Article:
Icelandic Peace Activists Honour the Victims of Hiroshima and Nagasaki
“The Cold War had a real effect on the mentalities of Icelanders about the dangers of the nuclear arms race and even with the Cold War over, the threat continues. The US was testing nuclear weapons as recently as last May and tensions between them and North Korea have brought us close to the brink. Just because the Cold War is over doesn’t mean any of those missiles have gone away.”
When asked what floating candles on Tjörnin does to counter this, she replied: “It’s a gesture which encourages people to wake up, to think more about this. We need to start shifting our idea of importance from jobs which are based on making money, to jobs which are based on creating stronger educational and social systems. Such a shift requires a change in our sense of values. The importance is in believing that this can be done – any act, no matter how small, can make a change for the better.”
I mentioned that it seemed like a lot more young people in Iceland were getting involved politically than there were even just a few years ago. “It’s become kind of a trend to be politically aware,” she says. “There are people asking questions, criticizing the government, and there was no one thing that created this change. It was more of an accumulation. But it’s a small country and change spreads fast. Plus, we have it pretty good here. I don’t want to sound superior to anyone else of course, but with the quality of life we have here, you should have time to know what’s going on in the world and try to do something about it. That’s why so many of these groups have been created. We help each other out, too; participate in each other’s events, lend a hand with fundraising. There’s a lot of solidarity.”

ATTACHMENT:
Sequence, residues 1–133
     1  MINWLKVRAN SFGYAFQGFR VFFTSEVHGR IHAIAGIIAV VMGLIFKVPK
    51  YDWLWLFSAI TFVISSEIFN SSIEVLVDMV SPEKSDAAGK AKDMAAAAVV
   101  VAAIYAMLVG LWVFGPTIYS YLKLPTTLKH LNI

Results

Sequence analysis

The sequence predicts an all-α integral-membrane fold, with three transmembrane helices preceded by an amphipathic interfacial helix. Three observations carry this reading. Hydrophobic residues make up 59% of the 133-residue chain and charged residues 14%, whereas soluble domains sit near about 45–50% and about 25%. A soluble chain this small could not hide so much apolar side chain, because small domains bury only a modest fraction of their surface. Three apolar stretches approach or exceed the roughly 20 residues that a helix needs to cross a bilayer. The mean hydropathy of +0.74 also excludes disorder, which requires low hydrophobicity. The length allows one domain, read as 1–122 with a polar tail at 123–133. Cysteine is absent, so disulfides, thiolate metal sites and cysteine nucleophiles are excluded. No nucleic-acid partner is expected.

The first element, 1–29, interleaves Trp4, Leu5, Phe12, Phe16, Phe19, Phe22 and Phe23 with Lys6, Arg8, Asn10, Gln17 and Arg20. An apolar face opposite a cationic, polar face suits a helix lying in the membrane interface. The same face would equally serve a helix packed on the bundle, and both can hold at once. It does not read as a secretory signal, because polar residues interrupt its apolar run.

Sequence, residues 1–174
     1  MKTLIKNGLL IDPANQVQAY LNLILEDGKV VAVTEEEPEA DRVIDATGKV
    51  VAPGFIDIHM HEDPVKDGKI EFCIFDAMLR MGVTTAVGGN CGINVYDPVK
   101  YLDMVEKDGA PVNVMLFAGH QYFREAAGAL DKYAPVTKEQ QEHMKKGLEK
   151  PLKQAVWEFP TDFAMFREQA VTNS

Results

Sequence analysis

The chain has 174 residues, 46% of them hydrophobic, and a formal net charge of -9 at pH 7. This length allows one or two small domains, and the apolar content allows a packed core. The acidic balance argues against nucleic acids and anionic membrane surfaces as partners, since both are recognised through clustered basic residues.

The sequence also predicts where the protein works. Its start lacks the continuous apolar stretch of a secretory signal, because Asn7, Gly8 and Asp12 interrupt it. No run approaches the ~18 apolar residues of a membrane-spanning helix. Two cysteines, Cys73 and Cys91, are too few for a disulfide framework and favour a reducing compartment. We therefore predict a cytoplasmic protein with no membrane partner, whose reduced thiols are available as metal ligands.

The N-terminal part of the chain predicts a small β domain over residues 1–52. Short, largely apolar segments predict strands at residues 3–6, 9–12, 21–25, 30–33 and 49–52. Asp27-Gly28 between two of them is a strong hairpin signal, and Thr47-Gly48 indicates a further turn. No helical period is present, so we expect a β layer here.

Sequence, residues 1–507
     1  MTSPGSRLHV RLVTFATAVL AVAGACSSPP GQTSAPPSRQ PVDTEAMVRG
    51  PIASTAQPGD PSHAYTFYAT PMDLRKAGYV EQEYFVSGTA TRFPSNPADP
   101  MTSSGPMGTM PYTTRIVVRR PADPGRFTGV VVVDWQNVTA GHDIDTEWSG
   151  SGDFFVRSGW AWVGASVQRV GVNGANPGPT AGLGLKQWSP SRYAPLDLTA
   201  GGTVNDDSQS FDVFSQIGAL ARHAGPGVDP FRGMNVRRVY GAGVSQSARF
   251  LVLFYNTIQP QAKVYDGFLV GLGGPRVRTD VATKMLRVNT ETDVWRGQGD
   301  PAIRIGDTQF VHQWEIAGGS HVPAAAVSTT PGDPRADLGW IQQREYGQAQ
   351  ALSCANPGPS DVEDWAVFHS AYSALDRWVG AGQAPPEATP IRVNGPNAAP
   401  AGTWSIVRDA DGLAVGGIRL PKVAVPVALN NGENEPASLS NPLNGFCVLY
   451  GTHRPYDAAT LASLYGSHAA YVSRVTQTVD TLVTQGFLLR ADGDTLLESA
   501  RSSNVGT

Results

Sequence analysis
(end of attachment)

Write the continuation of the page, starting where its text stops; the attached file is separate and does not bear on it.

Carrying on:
At the same time, she indicated that there’s still a long way to go: “Voters end up voting for the very people who are against their wishes because they’re confused a lot of the time – they have to choose between lower taxes and more social benefits and usually choose the former. The protest aspect needs to be stronger, too. There are so many laws that people are furious about, that they get very angry talking about with their friends over coffee, yet so few actually do something about it. Of course I don’t want people to get hurt, but I do wish they would express publicly the anger which they express privately. I think a lot of them could be afraid of hurting their employment prospects. So much of your carreer in this country is based on knowing someone and culturally, people here are generally afraid of those who express themselves too loudly.”
Still, her faith in Icelanders becoming more politically active persists. “When I first got involved politically, many of my friends agreed with me and encouraged me. They got involved, too. It’s this combination of informing and encouraging others which gets the momentum going. Even people who say they have no opinions are taking a political position. There is no such thing as a non-political person.”
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